Dependent variable




ln kcal cons per capita (crops)

ln kcal cons per capita (crops and nat. resources)

ln real cons per capita (crops, nat. resources and groceries)

Shock, lost a little crop

0.178 (0.160)

0.103 (0.150)

0.116 (0.117)

Shock, lost some crops

0.0240 (0.163)

0.0896 (0.146)

0.0787 (0.103)

Shock, lost most of the crops

−0.323* (0.190)

−0.273 (0.174)

−0.183 (0.125)

Shock, lost all of the crops

−2.074*** (0.443)

−1.755*** (0.411)

−1.240*** (0.299)

Shock, lost a little crop (t + 1)

0.0587 (0.226)

0.000431 (0.209)

0.00106 (0.150)

Shock, lost some crops (t + 1)







Shock, lost most of the crops (t + 1)

0.0988 (0.202)

0.0989 (0.176)

0.0492 (0.115)

Shock, lost all of the crops (t + 1)

−0.404 (0.363)

−0.384 (0.319)

−0.198 (0.217)

Informal social capital, receive

0.177 (0.205)

0.128 (0.190)

0.114 (0.119)

Informal social capital, give

0.120 (0.126)

0.00745 (0.115)

0.0597 (0.0830)

Formal social capital

0.296** (0.137)

0.113 (0.128)

0.106 (0.0917)

Head of household age

0.108** (0.0440)

0.0893*** (0.0338)

0.0463** (0.0227)

Head of household age2

−0.000824** (0.000390)

−0.000659** (0.000299)

−0.000325 (0.000200)

Number of household members

−0.756*** (0.148)

−0.780*** (0.132)

−0.683*** (0.104)

Household income

−0.0948 (0.184)

0.00136 (0.165)

0.0996 (0.115)

Income source: agriculture

0.552** (0.274)





Income source: natural resource

0.344 (0.326)

0.319 (0.304)

0.221 (0.227)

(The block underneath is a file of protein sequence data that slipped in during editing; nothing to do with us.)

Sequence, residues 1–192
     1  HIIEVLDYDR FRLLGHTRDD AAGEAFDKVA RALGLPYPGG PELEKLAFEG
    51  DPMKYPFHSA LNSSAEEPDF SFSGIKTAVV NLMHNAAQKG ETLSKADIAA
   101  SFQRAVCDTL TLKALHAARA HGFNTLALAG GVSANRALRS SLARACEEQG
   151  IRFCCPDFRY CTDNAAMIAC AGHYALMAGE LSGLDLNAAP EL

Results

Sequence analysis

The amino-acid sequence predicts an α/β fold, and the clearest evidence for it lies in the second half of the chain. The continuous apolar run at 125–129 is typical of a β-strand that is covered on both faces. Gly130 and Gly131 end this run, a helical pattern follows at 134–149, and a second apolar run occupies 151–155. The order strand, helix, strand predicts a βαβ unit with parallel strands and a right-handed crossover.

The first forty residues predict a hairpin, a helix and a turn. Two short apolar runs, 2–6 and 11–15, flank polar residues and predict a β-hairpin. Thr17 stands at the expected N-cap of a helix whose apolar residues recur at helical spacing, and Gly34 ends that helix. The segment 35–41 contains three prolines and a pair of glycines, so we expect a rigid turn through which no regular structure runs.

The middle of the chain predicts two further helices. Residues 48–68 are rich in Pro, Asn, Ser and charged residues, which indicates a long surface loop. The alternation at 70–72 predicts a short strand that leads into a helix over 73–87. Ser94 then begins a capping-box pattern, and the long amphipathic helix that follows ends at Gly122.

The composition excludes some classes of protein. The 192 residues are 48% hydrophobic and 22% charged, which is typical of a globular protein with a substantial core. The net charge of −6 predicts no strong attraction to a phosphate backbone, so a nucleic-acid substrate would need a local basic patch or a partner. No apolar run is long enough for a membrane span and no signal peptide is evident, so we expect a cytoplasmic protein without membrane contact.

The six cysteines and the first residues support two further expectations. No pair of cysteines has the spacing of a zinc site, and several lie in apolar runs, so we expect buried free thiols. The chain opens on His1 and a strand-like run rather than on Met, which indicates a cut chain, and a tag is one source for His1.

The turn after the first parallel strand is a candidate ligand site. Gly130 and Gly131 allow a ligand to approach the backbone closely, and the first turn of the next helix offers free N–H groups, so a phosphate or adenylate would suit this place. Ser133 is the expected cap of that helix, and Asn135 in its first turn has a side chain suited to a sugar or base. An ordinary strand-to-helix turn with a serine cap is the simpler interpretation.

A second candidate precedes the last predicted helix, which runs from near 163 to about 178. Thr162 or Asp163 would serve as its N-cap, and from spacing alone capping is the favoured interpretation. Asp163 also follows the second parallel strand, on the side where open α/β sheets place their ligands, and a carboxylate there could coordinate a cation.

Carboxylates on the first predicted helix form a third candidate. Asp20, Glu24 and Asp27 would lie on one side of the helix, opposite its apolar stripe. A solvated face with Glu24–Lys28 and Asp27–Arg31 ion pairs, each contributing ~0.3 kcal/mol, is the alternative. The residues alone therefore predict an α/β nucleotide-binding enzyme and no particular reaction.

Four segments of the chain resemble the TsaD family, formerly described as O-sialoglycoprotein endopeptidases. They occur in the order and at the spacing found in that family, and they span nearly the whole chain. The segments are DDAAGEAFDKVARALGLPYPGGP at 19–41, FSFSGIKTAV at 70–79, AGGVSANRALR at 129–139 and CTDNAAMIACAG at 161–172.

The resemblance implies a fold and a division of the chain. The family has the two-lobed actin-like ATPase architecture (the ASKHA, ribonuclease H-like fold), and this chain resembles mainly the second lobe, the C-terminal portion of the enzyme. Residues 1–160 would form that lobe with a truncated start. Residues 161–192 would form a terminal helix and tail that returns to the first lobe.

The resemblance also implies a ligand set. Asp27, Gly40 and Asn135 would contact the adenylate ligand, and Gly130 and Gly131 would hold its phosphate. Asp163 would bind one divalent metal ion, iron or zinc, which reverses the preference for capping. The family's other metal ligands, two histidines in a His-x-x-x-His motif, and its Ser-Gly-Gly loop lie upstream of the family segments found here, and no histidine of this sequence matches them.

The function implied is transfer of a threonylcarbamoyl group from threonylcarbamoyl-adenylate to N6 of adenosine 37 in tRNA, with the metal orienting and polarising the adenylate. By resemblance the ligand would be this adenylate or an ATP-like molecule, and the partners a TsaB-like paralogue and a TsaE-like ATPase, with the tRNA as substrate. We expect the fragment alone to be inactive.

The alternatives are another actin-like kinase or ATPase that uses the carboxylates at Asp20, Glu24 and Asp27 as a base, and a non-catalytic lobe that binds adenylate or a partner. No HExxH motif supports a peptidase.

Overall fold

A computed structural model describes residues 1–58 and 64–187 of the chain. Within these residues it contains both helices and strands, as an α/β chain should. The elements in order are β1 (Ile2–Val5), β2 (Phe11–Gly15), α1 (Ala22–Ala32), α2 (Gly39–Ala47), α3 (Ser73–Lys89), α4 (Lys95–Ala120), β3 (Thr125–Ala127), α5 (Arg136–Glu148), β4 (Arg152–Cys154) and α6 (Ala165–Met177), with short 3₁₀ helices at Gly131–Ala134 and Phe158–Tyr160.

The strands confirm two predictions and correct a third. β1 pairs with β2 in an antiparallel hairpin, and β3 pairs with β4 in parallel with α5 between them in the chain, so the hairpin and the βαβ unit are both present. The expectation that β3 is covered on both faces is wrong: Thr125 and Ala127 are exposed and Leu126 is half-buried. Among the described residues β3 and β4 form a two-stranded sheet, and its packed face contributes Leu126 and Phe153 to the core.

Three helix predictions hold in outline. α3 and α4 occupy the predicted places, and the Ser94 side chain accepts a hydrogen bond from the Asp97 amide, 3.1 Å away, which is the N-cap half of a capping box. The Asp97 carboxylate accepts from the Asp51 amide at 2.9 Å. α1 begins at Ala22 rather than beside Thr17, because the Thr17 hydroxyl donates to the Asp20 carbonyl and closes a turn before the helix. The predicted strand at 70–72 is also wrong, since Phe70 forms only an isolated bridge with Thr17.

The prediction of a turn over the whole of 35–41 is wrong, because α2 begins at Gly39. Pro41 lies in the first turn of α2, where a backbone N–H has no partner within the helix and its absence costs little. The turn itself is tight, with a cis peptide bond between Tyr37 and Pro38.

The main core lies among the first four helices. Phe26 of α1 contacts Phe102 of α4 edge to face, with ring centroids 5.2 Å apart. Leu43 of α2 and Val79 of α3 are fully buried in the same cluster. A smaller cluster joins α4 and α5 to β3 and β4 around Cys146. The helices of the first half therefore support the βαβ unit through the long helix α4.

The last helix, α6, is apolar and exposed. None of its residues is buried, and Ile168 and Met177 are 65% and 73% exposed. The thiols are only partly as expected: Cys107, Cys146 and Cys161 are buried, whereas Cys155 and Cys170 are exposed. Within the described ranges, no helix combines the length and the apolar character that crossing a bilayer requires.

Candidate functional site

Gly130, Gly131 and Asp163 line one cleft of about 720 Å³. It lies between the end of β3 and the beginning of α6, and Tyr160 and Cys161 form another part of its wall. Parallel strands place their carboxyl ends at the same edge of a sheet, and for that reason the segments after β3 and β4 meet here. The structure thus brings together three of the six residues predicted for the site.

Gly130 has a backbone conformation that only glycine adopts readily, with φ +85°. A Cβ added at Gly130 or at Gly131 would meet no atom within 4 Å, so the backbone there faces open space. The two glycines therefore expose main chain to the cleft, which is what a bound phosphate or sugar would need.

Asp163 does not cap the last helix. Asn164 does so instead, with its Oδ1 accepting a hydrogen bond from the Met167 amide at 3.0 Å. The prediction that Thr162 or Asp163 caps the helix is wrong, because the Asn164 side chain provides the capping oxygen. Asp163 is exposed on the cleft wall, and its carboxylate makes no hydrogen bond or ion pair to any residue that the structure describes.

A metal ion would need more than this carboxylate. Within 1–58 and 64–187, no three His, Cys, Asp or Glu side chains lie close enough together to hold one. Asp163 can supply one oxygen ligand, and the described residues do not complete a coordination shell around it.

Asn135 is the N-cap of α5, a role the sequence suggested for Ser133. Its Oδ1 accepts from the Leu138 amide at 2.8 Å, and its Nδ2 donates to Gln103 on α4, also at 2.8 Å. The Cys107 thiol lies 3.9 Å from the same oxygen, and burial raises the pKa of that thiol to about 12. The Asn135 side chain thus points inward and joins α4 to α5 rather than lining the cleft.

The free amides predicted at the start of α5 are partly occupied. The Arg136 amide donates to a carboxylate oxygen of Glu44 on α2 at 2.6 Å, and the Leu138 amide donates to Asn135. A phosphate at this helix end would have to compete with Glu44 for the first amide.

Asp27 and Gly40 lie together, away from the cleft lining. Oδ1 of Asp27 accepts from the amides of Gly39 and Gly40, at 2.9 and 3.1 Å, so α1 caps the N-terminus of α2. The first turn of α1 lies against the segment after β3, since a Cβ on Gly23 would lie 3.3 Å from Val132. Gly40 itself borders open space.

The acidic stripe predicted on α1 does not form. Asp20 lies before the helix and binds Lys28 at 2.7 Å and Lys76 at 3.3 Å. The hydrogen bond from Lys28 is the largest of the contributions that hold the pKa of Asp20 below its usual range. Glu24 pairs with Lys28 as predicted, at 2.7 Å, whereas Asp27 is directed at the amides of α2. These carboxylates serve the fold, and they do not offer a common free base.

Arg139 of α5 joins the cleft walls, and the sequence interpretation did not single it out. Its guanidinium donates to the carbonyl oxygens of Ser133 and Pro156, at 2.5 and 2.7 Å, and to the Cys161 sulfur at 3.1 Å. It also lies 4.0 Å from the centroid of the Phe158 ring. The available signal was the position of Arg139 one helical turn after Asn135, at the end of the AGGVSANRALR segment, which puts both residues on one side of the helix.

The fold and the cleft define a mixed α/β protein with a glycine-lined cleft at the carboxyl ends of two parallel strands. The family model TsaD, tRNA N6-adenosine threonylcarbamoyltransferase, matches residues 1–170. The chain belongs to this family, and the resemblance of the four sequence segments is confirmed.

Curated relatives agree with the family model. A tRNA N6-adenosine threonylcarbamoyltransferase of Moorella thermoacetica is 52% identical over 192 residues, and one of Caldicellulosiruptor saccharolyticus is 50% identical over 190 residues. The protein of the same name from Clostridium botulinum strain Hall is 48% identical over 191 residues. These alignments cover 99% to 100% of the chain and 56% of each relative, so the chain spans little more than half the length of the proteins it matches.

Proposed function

Income source: labour

0.733 (1.251)

0.0114 (1.123)

−0.553 (0.786)


6.970*** (1.221)

7.871*** (0.918)

5.248*** (0.625)









Robust standard errors in parentheses

Reference category for shock (crop failure) is none

Instrumented for household income (panel B). Excluded instruments: lag household income

*** p < 0.01, ** p < 0.05, * p < 0.1


The current paper investigates the impact of crop failure from poor rainfall and hail storms, on rural household consumption patterns, in an attempt to discover coping mechanisms that currently exist. We observe three key findings. First, the magnitude of the shock matters, in that, households who lost all or most of their harvest are likely to consume significantly less. Second, although there appears to be no evidence of direct effects of informal social capital and formal social capital on consumption, the significant interaction effects show that receiving assistance has a cushioning effect on the consumption level of the most vulnerable, while giving assistance has the opposite effect, also among the most vulnerable. Surprisingly, we find formal social capital to be significant amongst the least vulnerable (i.e., with minimum crop loss). Third, apart from informal social capital, the use of natural resources also reduces the negative effects of the shock.